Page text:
That's because good fiction insists that, like it or not, it is happening, damn it.
Belief plays a role in scholarship as well, but its power rests in selection, not creation. I mean, in a piece on the apocalypse, I'd be hard pressed to convince any rational person that the recent rash of "celebrity" deaths spelled the onset of the end times.
In the final analysis, I'm lamenting the fact that it's hard to switch hats. I know, I know--shut up and get the work done.
But for as long as I've been actively polishing my prose, I've always worked simultaneously in short and long forms. I've written a novel in each of the last three years, and I've almost always had a short story cooking at the same time. It makes it hard, but I can't imagine not doing one or the other.
That said, moving into the realm of scholarship and criticism gives me pause. Aw hell, right? Off to the library, I guess...
At any rate, I hope to get back into shape around these parts in the weeks to come. So how do we define horror? Is it the gunman who indiscriminately chooses to apply his psychosis to the fortunes of innocents? Is it the suburban vampire? The local voodoo priestess?
Is it watching your life savings dwindle in the face of wicked and deliberate fraud?
Is it the living dead, pitched up from their resting spots to slurp the brains of the living?
Perhaps it's a mixture of a couple of these elements. I'd like to thank editor N.E. Lilly for putting up my short story, "The Scheme," in which I combined a few of these elements.
We briefly discussed Stephen King's short story "Night Surf" today in literature class, and a perceptive student asked a good question in light of the story's content: where does the line between science fiction and science grow blurry?
In "Night Surf," the world has been laid low by King's famous Captain Trips flu virus, the venerable A6. And while H1N1 hasn't quite been the calamity it was introduced as months ago, we've seen cycles of horrific flu strains that have killed large human populations in the past.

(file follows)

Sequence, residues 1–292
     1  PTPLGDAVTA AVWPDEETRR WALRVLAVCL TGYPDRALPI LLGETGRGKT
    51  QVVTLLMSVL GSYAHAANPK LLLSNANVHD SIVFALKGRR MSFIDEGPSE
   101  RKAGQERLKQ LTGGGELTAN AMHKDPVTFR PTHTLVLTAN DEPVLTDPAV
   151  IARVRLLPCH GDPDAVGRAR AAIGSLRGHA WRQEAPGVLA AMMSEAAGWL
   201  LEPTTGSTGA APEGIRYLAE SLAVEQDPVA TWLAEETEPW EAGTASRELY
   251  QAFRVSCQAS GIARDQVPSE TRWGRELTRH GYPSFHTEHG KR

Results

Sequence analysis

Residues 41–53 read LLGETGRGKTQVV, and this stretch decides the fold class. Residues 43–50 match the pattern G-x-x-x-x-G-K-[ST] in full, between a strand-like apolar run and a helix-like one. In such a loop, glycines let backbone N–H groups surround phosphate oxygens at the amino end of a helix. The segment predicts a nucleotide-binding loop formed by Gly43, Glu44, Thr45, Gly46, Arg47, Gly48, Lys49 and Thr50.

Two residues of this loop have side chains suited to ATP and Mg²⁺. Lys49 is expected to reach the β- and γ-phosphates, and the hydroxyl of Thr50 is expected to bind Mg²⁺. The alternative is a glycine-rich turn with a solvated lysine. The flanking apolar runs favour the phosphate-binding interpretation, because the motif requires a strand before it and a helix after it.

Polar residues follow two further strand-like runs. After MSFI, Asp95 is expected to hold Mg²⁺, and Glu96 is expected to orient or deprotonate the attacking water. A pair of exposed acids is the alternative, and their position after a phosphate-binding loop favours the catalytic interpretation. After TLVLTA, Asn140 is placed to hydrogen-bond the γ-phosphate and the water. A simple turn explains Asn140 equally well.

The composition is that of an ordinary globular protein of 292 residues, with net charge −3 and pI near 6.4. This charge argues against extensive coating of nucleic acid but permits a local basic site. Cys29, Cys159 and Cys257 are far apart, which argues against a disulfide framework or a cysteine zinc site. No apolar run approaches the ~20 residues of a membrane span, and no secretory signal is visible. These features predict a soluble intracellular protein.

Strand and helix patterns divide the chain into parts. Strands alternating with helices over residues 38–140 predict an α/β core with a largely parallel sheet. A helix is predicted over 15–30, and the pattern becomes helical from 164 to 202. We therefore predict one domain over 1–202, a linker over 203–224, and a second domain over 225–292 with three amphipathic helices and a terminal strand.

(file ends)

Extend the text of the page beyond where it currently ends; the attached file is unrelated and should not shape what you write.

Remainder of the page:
That question about the intersection between prose speculation and the reality of what happens on a day-to-day basis is explored to great effect in Paolo Bacigalupi's story "Pump Six." This story is about devolution. It's about living in a dystopic hell of our own creation. It's about the loss of learning and the institutions that foster creativity and intellect.
It's a hell of a cynical yarn and a truly well-written one at that.
Bacigalupi's prose style is accessible and crisp. In some passages, his ability to convey altered consciousness in noisy club is poetic:
A girl in torn knee socks and a nun's habit was mewling in the bathroom when Maggie found us and pulled us apart and took me on the floor with people walking around us and trying to use the stainless steel piss troughs, but then Max grabbed me and I couldn't tell if we'd been doing it on the bar and if that was the problem or if I was just taking a leak in the wrong place but Max kept complaining about bubbles in his gin and riot a riot a RIOT that he was going to have on his hands if these Effy freaks didn't get their liquor and he shoved me down under the bar where tubes come out of vats of gin and tonic and it was like floating inside the guts of an octopus with the waves of the kettle drums booming away above me.
That passage is so well-suited to the narrative that I recall reading it immediately twice on my first pass through the tale. Our story is told in the first person, following Travis Alvarez on his quest to keep the sewage pumps from failing and flooding the over-populated city with excrement.
The landscape is littered with subhuman groups of trogs, ape-like simpletons who roam the streets, begging and fornicating. These literal symbols of devolution show up at opportune moments to underline the story's central message: culture is breaking down.
As pump six fails, Alvarez sets out to learn about a repair. He finds that the original creators of the machine have been out of business for decades (the old saw here "They don't build them like they used to" is crucial to the story's theme), so he sets out to find some engineers to help him out. Unfortunately, Columbia University is in ruins, its smattering of privileged students just as base as the trogs humping in the alleys.
This story was chilling. A taut, tight narrative that moves well, it marks Bacigalupi as a talent to watch in the sci-fi field. His theories are not without controversy, though anyone making an argument against the dangers of global populations run amok is missing the point, I think.
Stephen King's "Morality" is another big-idea story. It plays with topics such as the relative degrees of sin, depravity and experience. It's mostly interested in toying with perceptions of internal conflict and how our actions speak for our character (both reflecting our character and revising it).
Postulate: would you punch a four-year-old in the mouth for $200,000?
Would you do it if you were broke and living in an historic recession?
Would you do it if you didn't have any job prospects?
Would you do it if you knew you wouldn't be caught?
Do any of those questions really impact your answer to the postulate?
In the meantime, here's a remembrance of Papa, and a little sentiment about the relentless passage of time.